In the laboratory, the specimens were identified with appropriate references (Gomes et al., 2010); measured, in centimeters (disc width for the rays - DW, and total length - TL, for the shark); weighed, in grams (total weight - TW); and the sex was recorded. Next, they were dissected and the stage of maturity (juveniles or adults) was determined; and the stomachs were removed, weighed (g), fixed in 10% formaldehyde, and preserved in 70% ethanol. The contents of each stomach were identified under a stereoscopic microscope and the items found were weighed and identified to the lowest possible taxonomic level. The smallest weight detectable with the balance employed was 0.01 g.

The cumulative prey curve was used to evaluate the reliability of the sample size used to analyze the diet of each species, a strategy recommended by Cortés (1997) and Ferry, Cailliet (1996), among others. This curve was constructed with the use of the program EstimateS Win820, with 50 randomizations.

The food items found were analyzed for Frequency of Occurrence (%FO) (Hynes, 1950), calculated as the percentage of stomachs in which a certain item occurs in relation to the total number of stomachs; and the Percentage Weight (%W), which is the percentage of the weight of a certain item in relation to the total weight of all items (Jones, 1973). To determine the relative importance of each item in the diet, the Alimentary Index (%IAi) was calculated according to Kawakami and Vazzoler (1980), modified by using the Percentage Weight (%W) instead of the Percentage Volume (%V). This is described by the equation: %IAi 1 = ((%FO 1 × %W 1) / ∑ (%FO T × %W T)) × 100; where: %FO 1 = percentage of stomachs in which a certain item occurs %W 1 = percentage of weight of a certain item.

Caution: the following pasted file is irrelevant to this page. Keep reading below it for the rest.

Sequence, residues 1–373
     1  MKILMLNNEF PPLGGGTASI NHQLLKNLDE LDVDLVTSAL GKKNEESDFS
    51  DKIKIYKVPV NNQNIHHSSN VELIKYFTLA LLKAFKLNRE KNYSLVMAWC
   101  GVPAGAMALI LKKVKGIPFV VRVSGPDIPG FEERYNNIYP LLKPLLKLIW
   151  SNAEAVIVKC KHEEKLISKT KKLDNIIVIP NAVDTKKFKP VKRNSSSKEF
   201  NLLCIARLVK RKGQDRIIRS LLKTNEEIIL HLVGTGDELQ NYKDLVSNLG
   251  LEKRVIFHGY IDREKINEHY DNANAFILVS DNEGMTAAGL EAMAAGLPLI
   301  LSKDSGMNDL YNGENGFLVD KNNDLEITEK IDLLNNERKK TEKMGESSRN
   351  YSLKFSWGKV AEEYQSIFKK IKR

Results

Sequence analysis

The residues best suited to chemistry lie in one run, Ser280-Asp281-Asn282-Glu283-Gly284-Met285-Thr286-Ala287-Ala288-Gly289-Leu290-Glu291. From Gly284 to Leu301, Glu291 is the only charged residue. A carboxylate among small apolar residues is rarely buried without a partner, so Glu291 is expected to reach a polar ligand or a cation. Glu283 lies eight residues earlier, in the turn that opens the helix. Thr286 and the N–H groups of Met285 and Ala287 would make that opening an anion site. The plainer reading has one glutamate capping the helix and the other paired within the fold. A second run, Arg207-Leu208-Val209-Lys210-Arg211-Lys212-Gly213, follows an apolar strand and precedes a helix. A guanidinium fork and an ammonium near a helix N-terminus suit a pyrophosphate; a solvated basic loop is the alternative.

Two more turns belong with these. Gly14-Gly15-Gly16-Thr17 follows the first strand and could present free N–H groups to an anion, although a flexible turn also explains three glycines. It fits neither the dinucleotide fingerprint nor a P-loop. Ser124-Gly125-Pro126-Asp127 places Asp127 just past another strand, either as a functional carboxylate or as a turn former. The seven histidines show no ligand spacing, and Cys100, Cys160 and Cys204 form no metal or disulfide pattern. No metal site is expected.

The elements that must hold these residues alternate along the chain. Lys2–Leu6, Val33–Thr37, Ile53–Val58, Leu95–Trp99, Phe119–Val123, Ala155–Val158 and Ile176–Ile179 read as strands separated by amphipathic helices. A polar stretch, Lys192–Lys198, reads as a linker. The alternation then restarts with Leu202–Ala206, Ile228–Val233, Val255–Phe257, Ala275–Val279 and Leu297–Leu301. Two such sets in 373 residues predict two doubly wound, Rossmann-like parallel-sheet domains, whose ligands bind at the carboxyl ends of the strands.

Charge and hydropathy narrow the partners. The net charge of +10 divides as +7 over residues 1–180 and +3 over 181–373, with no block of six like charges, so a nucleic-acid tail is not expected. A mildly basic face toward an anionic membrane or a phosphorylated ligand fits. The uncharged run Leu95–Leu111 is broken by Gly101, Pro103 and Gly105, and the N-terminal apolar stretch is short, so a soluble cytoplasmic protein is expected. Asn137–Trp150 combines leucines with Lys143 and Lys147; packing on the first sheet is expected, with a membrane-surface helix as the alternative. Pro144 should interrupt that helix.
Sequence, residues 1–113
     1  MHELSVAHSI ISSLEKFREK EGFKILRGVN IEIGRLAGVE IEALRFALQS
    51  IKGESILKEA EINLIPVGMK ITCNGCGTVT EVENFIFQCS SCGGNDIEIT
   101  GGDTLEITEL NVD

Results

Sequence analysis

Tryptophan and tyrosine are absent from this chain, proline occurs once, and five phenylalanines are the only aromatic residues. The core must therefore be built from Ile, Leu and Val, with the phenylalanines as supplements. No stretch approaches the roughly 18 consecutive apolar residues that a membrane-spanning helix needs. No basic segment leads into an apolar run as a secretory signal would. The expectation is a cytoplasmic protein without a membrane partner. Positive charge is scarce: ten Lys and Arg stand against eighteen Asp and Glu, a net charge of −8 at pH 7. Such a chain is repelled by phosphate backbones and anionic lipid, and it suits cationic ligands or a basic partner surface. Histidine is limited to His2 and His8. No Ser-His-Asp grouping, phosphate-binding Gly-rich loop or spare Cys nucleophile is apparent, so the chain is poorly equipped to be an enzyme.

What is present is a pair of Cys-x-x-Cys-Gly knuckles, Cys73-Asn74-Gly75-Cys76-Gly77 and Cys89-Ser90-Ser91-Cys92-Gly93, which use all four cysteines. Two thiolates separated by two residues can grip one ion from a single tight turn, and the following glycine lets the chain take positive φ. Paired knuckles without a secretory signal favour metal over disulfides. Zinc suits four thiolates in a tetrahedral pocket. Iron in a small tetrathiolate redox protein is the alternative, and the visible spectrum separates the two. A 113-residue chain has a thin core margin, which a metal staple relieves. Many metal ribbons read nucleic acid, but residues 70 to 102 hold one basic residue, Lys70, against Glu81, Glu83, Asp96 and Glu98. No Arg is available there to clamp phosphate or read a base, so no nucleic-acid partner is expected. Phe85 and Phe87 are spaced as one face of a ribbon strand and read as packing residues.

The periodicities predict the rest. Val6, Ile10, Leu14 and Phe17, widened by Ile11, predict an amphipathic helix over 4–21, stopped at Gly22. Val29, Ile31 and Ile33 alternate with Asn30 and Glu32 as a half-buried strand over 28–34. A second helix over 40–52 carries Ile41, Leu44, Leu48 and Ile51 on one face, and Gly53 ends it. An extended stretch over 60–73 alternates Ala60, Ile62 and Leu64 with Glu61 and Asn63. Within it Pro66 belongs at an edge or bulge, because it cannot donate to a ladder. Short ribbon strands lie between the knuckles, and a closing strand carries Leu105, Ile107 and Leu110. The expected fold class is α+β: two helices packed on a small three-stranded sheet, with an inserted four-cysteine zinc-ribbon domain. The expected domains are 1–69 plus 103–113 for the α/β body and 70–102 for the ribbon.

The Frequency of Occurrence, Percentage Weight and Alimentary Index were calculated separately for the items and for the food groups (Crustaceans, Teleosts, Polychaetes, Nematodes and Elasmobranchs). The method of Costello (1990) as adapted by Amundsen et al. (1996) was used to evaluate the feeding strategy and the trophic-niche width.

Because of the difficulty of taxonomic identification of bony fishes in an advanced state of digestion, the fish were grouped into a single item. In contrast, crustaceans, which are easily identified by their exoskeleton, could be differentiated at lower taxonomic levels, in some cases to genus.

To evaluate the degree of dietary specialization, the trophic-niche width was calculated according to the standardized index of Levins (Hurlbert, 1978). The values of the index also range from 0 to 1; values close to 0 correspond to a more specialized diet, and values close to 1 indicate a generalist diet. The following equation was used: Bi = [(∑jPij2)-1-1] (n-1)-1; where: Pij = The proportion of prey j in the diet of predator i n = number of prey categories.

The SIMPER (analyses of percentage of similarity) was used to determine the percentage of similarity between the sexes and the ontogenetic stages, and to estimate the contribution of each prey category. Comparative analyses of the diet between the sexes and the stages of maturity were not carried out for P. rutrum because of the small number of specimens obtained. For P. extenta, only the sex ratio was determined, because of the small number of juveniles caught.

To evaluate the similarity between the diets of the species and to investigate the formation of trophic groups, a Correspondence Analysis was carried out (Zar, 1999) in the Statistica program, applied to the data for percentage of items in the diet, considering males, females, juveniles and adults separately. This analysis included the data for Atlantoraja cyclophora (Tab. 1), collected in the same sampling campaigns and previously reported by Viana, Vianna (2014).

Tab. 1 Frequency of occurrence (%FO), percentage weight (%W) and alimentary index (%IAi) of prey items in the total diet of Atlantoraja cyclophor a in southeastern Brazil, between January 2006 and August 2007. Published by Viana, Vianna (2014). 

Total (n=57) Females (n=34) Males (n=23) Juveniles (n=17) Adults (n=40)
%FO %W %IAi %FO %W %IAi %FO %W %IAi %FO %W %IAi %FO %W %IAi
Crustaceans 77.2 74.7 79.4 79 72.4 77.3 78.3 85.9 89.5 82.4 85.5 90.5 80.0 73.8 79.7